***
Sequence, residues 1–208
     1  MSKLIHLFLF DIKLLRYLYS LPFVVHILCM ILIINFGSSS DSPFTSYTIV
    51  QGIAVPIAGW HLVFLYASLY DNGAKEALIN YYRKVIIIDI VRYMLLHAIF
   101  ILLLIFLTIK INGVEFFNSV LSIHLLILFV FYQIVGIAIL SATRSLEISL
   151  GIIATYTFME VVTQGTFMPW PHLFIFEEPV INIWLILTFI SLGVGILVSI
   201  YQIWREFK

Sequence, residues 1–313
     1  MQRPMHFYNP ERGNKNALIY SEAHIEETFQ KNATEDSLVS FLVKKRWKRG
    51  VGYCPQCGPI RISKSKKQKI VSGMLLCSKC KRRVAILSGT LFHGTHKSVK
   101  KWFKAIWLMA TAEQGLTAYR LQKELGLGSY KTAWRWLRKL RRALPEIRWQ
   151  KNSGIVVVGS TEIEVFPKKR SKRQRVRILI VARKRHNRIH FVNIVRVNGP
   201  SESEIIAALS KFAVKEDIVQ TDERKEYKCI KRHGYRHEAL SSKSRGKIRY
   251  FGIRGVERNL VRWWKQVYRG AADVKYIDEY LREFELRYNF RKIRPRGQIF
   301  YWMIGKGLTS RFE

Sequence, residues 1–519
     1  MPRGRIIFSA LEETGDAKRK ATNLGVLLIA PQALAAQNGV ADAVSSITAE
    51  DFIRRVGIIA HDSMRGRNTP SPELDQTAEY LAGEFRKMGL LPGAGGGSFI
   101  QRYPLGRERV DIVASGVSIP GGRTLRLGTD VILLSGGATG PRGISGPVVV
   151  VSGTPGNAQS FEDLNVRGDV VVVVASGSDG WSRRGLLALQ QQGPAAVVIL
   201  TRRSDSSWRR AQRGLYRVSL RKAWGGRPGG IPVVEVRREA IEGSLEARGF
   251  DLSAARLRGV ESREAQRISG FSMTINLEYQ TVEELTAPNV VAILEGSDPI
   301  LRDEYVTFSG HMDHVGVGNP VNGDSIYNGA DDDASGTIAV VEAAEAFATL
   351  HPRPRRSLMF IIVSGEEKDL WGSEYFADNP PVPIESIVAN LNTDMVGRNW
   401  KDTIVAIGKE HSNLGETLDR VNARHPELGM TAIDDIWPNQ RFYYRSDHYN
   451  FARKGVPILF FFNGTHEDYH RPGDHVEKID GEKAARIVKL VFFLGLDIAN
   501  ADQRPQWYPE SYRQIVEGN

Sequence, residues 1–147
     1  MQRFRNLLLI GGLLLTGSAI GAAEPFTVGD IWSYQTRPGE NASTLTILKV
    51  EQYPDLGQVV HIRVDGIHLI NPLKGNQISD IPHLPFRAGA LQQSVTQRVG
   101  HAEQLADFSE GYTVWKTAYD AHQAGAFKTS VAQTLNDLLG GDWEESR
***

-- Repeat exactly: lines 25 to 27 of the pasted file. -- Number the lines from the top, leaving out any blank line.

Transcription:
   451  FARKGVPILF FFNGTHEDYH RPGDHVEKID GEKAARIVKL VFFLGLDIAN
   501  ADQRPQWYPE SYRQIVEGN

Sequence, residues 1–147